If on-time standard are not approved by the STB, Boardman said, it could negatively affect long-distance and state supported trains and result in higher costs for taxpayers.

Boardman said Amtrak’s long-distance trains are particularly important to smaller communities, not just major metropolitan areas.

“We don’t just leap from city to city — we connect smaller towns and communities with one another, and with the nation’s major urban center,” Boardman said. “These communities pay taxes, too, and we provide them a service they use and depend on. I think the excitement you saw last week is dramatic evidence of just how much we can bring to those towns — and how deeply they appreciate it.”

He was referring to an inspection trip that ran over the former route of the Sunset Limited between Jacksonville, Florida, and New Orleans.

The line has been without Amtrak service since Hurricane Katrina damaged the tracks and Amtrak stations along the route.

“We must be careful not to lose the economies of scale of a unified operation,” Boardman said. “One of the things I have learned in my eight years of service is that a unified system brings not just economies of scale, but a greater understanding of the value that Amtrak delivers for the nation.”

Knox W. Ross, the mayor of Pelahatchie, Mississippi, and secretary-treasurer of the Southern Rail Commission, made a plea in support of long-distance trains.

The commission has been working to restore the Sunset Limited east of New Orleans.

Ross said a strong national network is important for everyone, even communities such as his, which is located 20 miles from the Sunset Limited route.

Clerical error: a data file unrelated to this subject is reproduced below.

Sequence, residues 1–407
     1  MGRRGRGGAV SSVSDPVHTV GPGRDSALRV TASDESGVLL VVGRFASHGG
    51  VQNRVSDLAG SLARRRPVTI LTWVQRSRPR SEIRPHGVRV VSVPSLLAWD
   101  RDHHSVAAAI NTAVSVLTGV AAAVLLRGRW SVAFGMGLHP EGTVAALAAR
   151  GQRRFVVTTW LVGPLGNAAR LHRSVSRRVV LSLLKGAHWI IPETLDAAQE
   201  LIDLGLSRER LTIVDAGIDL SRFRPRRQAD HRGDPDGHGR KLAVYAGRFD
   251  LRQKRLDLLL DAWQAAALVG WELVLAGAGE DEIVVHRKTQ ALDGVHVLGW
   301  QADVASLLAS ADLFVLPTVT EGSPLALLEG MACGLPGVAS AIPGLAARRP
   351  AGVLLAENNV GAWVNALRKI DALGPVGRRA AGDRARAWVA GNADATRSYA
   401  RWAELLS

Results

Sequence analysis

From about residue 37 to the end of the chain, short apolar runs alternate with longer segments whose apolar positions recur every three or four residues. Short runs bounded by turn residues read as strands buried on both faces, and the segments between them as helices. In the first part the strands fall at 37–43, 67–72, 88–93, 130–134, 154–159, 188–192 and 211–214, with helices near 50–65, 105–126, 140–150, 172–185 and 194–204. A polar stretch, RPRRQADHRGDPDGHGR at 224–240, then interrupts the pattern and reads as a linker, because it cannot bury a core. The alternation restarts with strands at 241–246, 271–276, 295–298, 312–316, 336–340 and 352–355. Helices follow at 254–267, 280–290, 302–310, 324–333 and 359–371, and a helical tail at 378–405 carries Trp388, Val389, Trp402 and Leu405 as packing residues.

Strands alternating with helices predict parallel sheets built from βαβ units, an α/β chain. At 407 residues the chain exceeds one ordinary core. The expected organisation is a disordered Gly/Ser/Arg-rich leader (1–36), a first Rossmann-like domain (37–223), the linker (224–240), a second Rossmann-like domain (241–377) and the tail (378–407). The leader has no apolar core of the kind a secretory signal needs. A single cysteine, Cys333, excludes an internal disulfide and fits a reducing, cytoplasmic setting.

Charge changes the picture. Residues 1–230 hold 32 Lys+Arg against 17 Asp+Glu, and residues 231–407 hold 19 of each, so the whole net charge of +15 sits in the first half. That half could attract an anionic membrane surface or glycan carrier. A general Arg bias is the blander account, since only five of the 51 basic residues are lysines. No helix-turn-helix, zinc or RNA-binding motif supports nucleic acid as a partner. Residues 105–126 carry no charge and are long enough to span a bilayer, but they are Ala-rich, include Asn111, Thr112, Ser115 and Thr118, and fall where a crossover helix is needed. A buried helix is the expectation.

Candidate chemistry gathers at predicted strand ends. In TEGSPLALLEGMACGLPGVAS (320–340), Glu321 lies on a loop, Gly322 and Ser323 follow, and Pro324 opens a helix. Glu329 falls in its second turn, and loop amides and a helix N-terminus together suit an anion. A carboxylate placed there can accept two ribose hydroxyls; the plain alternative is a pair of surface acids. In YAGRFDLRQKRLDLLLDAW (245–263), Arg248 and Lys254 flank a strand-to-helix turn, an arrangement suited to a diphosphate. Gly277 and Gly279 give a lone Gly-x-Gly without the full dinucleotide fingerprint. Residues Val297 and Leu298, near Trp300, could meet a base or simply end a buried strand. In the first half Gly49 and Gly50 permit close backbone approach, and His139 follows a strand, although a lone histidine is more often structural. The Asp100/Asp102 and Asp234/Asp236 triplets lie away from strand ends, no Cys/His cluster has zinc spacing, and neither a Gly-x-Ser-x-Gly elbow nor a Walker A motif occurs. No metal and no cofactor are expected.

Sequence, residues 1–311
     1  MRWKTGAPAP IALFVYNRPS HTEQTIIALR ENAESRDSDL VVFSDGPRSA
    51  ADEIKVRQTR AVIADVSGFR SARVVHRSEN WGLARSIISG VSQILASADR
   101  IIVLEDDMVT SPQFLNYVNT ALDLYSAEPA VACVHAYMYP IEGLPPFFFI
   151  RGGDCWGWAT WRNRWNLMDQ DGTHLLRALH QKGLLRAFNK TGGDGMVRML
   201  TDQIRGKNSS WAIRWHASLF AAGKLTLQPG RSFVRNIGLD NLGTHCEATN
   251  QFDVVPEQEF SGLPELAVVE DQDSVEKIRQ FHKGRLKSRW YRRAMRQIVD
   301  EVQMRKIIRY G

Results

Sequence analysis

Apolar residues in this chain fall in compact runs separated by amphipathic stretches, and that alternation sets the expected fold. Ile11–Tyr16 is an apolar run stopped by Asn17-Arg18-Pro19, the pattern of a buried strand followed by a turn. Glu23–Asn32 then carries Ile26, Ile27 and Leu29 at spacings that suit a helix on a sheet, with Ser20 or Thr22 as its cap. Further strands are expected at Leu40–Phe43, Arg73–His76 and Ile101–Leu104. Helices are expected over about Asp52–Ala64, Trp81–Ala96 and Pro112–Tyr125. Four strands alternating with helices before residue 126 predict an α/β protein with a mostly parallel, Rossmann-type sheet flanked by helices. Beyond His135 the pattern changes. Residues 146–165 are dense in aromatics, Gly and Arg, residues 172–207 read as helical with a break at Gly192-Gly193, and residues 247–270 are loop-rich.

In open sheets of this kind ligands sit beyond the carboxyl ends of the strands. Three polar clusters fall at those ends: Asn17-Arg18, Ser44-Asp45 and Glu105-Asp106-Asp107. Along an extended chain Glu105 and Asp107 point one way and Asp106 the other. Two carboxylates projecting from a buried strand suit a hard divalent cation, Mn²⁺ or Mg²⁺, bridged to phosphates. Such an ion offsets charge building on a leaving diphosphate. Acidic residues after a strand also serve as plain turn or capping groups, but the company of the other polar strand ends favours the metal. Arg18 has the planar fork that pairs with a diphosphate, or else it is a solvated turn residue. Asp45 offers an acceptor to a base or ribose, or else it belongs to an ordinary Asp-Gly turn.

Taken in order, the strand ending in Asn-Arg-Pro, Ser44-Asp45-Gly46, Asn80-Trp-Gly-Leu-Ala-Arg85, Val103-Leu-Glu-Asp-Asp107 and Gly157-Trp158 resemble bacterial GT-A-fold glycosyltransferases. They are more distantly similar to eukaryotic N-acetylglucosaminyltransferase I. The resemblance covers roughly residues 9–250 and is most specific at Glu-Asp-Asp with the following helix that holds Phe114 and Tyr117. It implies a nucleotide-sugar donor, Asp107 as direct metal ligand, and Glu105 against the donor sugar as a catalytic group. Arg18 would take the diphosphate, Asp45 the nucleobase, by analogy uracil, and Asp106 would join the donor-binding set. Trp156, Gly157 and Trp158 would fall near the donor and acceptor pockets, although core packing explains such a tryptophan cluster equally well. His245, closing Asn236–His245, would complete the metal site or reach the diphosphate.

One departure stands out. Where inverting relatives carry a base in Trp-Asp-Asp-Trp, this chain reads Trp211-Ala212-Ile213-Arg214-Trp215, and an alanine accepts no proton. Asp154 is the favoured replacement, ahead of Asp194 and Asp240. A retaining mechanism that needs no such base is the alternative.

“The success of our town is directly tied to the prosperity of the region,” Ross said. “For my region to prosper, we must have a transportation system that provides options for residents to connect to opportunity in our region and beyond.”

Ross called supporting Amtrak was a “bi-partisan issue that we can all agree on.”

Timothy Hoeffner, chair of the Midwest Interstate Passenger Rail Commission and Director of the Office of Rail for the Michigan Department of Transportation, also touted the benefits of long-distance trains even though Michigan does not lie on any long-distance routes.

Hoeffner spoke of the importance of a unified national network and called for better synergies between the long-distance and state-supported routes as well as the critical Northeast Corridor. He said a direct link from Michigan to the NEC would be beneficial to Michiganders by avoiding a “detour” through Chicago.

SPUD Planning Rail Festival

February 23, 2016

St. Paul Union Depot will celebrate its 90th anniversary with a festival on April 30 and May 1 that will be co-sponsored by Kalmbach Publishing, the publisher of Trains and Classic Trains magazines.

The event will include historic and modern railroad equipment, discussions and photo sessions, vendors, model railroads and live entertainment.

MinnesotaEvent organizers said the festival will highlight the history and future of passenger train travel, the historic and current role of freight railroads in the region, and the area’s changing transportation trends and needs.

It will showcase SPUD’s role in the revival and growth of St. Paul’s downtown and Ramsey County since the depot was restored and reopened in 2012. The other co-sponsor is the Ramsey County Regional Railroad Authority.

SPUD opened in 1926, but construction had begun in 1917 and was slowed by World War II.
Nine railroads and more than 200 trains served the station, which cost $15 million to build and features a neoclassical style.

Among the special exhibits slated to be on hand are Milwaukee Road steam locomotive No. 261, the Amtrak exhibit train, Soo Line FP7 No. 2500A, Great Northern SDP40 No. 325 and Northern Pacific Railway RPO/Baggage/Coach No. 1102.